NRA

Gun Shy

Wayne LaPierre’s surprisingly delicate psyche

Funny thing about the NRA's Wayne LaPierre: He doesn't much like guns. Or people. Here’s why the gun lobby doesn’t care about finding a more cuddly spokesperson.

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Hunters Have an NRA Problem

At what point does standing with the NRA become riskier than speaking out against it?

At what point does standing with the NRA become riskier than speaking out against it?

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How to Build a Better Assault Weapons Ban

Or: Why the NRA's best argument is still bunk

The NRA thinks we shouldn't pass another assault weapons ban because the last one failed. But its authors have gotten smarter.

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Gun control is one of the great pieces of unfinished business for the Democratic Party. Although the party has never been unified in its support of restrictive gun laws – indeed, gun control historically transcends the usual party lines – for the past century Democrats have pushed for a more vigorous role for government in regulating guns.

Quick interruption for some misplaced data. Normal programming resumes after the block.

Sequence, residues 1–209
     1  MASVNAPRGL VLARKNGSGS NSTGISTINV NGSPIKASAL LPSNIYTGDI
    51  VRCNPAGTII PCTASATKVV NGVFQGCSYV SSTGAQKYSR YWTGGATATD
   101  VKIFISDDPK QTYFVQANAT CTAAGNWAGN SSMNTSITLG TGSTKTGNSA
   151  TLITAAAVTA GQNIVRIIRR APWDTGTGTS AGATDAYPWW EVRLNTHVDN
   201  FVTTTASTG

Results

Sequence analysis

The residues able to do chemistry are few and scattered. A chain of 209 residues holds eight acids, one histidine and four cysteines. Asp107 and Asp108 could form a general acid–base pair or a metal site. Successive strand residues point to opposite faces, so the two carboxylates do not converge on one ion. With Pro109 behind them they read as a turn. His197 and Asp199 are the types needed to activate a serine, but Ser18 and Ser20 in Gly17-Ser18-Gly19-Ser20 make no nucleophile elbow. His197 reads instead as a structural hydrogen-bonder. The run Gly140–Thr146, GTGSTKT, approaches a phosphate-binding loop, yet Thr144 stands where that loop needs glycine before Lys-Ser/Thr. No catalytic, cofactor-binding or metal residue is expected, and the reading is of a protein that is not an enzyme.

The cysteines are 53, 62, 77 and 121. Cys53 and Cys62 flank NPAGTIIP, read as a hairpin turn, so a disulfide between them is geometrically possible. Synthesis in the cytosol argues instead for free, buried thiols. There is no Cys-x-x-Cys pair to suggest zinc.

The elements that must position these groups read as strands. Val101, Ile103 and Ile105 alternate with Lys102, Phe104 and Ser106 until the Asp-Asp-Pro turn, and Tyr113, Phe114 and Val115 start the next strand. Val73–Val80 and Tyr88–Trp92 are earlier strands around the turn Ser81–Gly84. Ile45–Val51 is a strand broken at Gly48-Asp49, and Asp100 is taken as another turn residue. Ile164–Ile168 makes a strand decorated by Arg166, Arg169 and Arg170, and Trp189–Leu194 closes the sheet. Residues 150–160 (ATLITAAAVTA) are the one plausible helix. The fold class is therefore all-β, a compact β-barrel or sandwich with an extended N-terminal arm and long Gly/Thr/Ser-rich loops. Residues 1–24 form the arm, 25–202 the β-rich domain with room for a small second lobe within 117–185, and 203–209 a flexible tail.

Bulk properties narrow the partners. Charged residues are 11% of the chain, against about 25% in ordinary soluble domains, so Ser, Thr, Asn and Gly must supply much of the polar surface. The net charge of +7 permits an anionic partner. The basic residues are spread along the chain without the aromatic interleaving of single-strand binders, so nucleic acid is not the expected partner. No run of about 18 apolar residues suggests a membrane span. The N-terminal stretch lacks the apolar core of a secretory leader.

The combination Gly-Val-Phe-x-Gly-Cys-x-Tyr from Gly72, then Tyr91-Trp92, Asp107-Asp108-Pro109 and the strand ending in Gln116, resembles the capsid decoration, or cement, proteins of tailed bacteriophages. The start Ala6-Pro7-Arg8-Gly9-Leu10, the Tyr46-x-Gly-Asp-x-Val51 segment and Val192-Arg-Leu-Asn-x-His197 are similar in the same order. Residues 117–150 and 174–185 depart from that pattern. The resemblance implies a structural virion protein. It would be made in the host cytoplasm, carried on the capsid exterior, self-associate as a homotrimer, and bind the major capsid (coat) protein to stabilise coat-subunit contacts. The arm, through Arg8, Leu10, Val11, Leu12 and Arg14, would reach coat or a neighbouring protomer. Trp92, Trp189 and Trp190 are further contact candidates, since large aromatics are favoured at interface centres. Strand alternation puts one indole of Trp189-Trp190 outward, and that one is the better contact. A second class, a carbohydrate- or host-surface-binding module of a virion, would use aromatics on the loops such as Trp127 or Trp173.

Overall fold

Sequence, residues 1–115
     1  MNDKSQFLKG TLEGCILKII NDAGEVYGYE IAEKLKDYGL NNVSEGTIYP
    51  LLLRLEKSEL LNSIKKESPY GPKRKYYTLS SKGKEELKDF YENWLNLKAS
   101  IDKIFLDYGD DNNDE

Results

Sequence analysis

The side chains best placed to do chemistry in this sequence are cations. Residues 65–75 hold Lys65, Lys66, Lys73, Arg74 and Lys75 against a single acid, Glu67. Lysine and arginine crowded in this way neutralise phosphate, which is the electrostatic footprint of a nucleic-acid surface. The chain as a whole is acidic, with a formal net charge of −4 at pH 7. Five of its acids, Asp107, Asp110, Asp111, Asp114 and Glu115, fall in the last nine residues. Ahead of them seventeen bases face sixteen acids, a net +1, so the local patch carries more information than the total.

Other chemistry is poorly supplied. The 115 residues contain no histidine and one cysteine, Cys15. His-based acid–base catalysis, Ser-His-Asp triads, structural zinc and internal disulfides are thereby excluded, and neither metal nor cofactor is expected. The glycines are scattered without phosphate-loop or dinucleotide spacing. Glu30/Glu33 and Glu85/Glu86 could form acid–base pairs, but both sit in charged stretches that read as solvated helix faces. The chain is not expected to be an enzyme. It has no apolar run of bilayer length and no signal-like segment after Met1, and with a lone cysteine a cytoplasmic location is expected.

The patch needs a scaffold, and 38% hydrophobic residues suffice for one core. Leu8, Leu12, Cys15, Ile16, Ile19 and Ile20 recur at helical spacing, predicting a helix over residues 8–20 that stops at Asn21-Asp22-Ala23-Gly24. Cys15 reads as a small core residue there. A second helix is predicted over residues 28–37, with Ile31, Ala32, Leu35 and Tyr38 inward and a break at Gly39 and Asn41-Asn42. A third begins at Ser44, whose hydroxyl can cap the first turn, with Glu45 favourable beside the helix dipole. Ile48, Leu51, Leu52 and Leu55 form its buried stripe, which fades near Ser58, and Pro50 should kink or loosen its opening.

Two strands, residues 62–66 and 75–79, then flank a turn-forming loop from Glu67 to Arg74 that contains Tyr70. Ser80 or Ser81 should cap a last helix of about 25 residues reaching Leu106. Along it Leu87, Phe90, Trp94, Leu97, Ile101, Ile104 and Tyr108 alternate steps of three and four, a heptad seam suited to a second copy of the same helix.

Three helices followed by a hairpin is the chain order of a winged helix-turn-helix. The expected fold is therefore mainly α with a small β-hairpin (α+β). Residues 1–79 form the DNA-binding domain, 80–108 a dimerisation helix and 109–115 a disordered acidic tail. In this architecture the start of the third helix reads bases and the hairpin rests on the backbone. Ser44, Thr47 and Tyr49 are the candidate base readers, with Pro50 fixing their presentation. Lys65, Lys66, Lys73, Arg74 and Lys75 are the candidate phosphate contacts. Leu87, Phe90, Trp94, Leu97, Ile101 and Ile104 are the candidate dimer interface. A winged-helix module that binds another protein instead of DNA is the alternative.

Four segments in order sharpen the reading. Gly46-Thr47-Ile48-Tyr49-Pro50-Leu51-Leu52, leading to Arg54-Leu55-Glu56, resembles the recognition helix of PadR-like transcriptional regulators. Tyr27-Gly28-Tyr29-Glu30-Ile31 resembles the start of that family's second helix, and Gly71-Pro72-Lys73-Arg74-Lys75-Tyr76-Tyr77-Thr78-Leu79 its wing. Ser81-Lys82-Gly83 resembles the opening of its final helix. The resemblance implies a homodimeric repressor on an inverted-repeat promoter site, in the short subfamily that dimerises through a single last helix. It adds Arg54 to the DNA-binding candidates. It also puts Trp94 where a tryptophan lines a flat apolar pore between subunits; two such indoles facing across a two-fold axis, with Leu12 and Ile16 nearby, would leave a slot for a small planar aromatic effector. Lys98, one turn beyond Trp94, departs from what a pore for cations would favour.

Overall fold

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E.J. Dionne Jr. on how NRA members aren't as afraid of gun restrictions as congressmen are.

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Shooting Blanks

It's early December and Chris Cox, the NRA's chief lobbyist, is describing the exotic hunting trophies--from assorted skulls to giant warthog hooves that serve as bookends--that decorate his Capitol Hill office. "The Kudu. The Livingston Eland. The Blue Wildebeest," says Cox in his mellifluous Jackson, Tennessee, accent, ticking off the creatures he has downed. He pauses, then beams, "And the Cape Buffalo. It's one of the Big Five--one of the five most dangerous animals you can hunt in Africa."   But there's one recent kill that Cox isn't bragging about.

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